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					The Duchess of Malfi
by John Webster Film Script by Alice de Sousa and Bruce Jamieson The Duchess of Malfi provides epic cinematic scope for great acting, thrilling plot lines and breathtakingly beautiful settings. It is an unforgettable love story and intensely psychological tale of Machiavellian corruption, incest, madness and uncontrollable carnal passion. John Webster (1580-1634), a predecessor of William Shakespeare, was an English playwright whose considerable literary reputation rests entirely on two plays: The White Devil and The Duchess of Malfi and in the category of Jacobean drama, the beauty of Webster’s poetry and language remains unchallenged. Almost nothing is known of his life, which was so amusingly portrayed in the feature ‘Shakespeare in Love’ as the black dressed boy with a penchant for mice and hanging around Shakespeare’s Globe Theatre to soak up the exhilarating atmosphere of the time. Of all the major English dramatists, John Webster has provoked the sharpest and most persistent controversy. Certainly, he can be macabre and melodramatic, often exploiting the full theatrical possibilities of cruelty and violent death. Although Webster was writing at a time of considerable social confusion and pessimism, his poetry is superb and the craftsmanship of his plays truly excellent. His writing has long been appreciated and the dramatic power of his characters universally recognised. The Duchess of Malfi is his greatest tragedy and is certainly one of the most extraordinary plays ever written. It has over many centuries been acclaimed for its richness of language, imagery and verse. In The Duchess of Malfi Webster creates a world where the powerful are poisoned with greed and lies, and consumed by suspicion and perversion. He found inspiration for his masterpiece in a true Italian story which took place in Amalfi in the century previous to his own. The story follows the ill-fated and prematurely widowed Duchess of Malfi who falls in love with Antonio, a commoner and her major-domo. In blatant defiance of her brothers wishes for her not to remarry - she secretly weds Antonio. The marriage is concealed for several years, but when the Duchess gives birth to a second child, gossip reaches her siblings and they send spies to watch her. Following the birth of yet another child, her brother’s suspicions are finally confirmed. Meanwhile, convinced that they will not personally harm her, the Duchess sends Antonio with two of their children into hiding. Her mistaken belief is painfully shattered when her brothers have her imprisoned, psychologically tortured and finally, mercilessly executed. Her prison scenes boast some of the most beautiful poetry to be found in a play written in the English language.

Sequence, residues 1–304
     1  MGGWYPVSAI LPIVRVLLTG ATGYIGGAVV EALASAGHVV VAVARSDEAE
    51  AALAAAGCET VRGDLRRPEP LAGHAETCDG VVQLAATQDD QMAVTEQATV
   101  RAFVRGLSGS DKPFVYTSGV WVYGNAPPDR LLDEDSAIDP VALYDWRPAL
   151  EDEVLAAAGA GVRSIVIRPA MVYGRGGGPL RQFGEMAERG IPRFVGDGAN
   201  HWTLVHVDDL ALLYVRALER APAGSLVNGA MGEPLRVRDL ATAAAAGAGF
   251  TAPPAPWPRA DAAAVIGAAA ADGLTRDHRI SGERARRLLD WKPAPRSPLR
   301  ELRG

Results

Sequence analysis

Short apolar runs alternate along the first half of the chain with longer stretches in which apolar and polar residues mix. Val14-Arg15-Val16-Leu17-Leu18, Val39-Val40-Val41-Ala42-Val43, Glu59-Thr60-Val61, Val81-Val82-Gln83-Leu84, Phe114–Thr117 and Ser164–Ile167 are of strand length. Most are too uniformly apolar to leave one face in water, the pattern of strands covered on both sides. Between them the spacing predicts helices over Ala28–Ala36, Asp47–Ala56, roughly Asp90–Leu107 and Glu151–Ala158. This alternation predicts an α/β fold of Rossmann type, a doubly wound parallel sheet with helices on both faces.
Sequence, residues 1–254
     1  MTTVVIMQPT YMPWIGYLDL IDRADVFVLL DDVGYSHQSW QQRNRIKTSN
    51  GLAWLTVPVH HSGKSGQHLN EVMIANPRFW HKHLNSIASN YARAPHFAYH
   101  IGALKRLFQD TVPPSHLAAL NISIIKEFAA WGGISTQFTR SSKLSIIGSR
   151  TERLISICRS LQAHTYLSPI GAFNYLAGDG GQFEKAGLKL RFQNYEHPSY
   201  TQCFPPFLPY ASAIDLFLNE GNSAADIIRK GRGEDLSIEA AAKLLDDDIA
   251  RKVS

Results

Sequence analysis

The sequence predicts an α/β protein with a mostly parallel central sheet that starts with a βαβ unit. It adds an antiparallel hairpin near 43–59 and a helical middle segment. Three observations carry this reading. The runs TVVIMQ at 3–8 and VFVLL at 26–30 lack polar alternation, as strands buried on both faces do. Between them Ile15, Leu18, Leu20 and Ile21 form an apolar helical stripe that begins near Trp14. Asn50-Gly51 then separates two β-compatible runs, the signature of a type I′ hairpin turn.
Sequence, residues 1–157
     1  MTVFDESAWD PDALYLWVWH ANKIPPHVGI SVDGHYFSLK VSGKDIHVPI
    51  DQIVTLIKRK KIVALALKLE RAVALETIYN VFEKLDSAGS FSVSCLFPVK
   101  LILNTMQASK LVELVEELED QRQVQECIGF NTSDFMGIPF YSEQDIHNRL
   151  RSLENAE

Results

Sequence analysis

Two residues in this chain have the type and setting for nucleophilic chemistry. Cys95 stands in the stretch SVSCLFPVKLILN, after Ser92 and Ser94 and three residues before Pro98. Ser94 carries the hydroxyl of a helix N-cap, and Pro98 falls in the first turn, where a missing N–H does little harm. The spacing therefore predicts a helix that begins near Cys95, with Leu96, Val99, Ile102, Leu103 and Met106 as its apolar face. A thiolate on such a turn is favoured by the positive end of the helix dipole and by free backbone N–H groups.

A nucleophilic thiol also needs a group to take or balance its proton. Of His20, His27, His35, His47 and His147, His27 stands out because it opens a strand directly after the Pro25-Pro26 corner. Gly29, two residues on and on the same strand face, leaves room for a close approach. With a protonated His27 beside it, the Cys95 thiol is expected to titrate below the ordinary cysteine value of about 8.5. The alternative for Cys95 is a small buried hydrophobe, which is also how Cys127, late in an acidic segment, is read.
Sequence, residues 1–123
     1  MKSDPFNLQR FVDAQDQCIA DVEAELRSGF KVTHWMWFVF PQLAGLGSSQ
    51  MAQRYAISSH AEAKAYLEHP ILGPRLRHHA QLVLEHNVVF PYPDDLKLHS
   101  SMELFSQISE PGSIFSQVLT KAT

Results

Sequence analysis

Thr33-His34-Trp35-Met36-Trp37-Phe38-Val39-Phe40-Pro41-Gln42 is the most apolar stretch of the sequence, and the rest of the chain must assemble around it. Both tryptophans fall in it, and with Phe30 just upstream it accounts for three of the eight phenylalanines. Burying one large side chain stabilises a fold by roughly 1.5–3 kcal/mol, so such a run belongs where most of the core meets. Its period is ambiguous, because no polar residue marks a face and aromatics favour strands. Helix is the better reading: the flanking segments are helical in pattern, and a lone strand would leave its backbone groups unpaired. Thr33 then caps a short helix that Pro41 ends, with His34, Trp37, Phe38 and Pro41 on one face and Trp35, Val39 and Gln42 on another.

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The story resumes itself by following the conventions of a revenge tragedy and as characters brutally turn on each other to avenge suffered wrongs; the play powerfully concludes with a blood bath. Webster’s world is both shocking and extraordinary: it is inhabited by individuals who are blindly and ruinously driven by animalistic instincts to madness, incest and murder. They kill, love and torture one another without moral or human hesitation and with intense and unquenchable relish. Galleon proposes to film this magnificent masterpiece with a script lasting approximately two hours and involving a main cast of eleven. The look of the film will be a mixture between a Peter Greenaway’s ‘The Cook the Thief his Wife & her Lover’ and ‘Prospero’s Books’; therefore, hinting at period with a vibrancy of colour and with a less than clean and rather dusty feel of Neal Jordan’s ‘Interview with the Vampire’. Although the text is classic in origin, the film will be as accessible and relevant as Baz Luhrmann’s ‘Romeo & Juliet’ and most of the filmed Shakespearean adaptations of the last fifteen years. The financial scope and critical success envisaged for this film can be exemplified by all of Kenneth Branagh’s directed films, particularly ‘Hamlet’, ‘Mary Shelly’s Frankenstein’ and ‘Henry V’; Julie Taymon’s ‘Titus’ and the colourful ‘art look’ and fast cutting of ‘Frida’. Other films of relevance are Richard Loncraine’s ‘Richard III’, Zeffirelli’s ‘Hamlet’ with Mel Gibson, and ‘A Midsummer Night’s Dream’ directed by Michael Hoffman. It is planned to secure box office success and critic appraisal for this film by the casting of both ‘hollywood names’ and established British stage actors. Moreover, Galleon’s film of The Duchess of Malfi will be appealing to the same international audience who faithfully follow all of Taratino’s work but equally delight in Stephen Sommer’s block-buster adventure ‘Van Helsing’. Ultimately, the audience base of Galleon’s film of The Duchess of Malfi will experience great writing delivered by an extremely talented and respected cast.
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Style: The Cook the Thief his Wife & her Lover Prospero’s Books Interview with the Vampire Sleepy Hollow Direction & Cinematography: From Hell Bram Stoker’s Dracula Casting: Mary Shelly’s Frankenstein Hamlet
· For further information contact: GALLEON FILMS Tel/Fax: +44 208310 7276; alice@galleontheatre.co.uk; www.galleontheatre.co.uk A full script is available on request

Films of reference:

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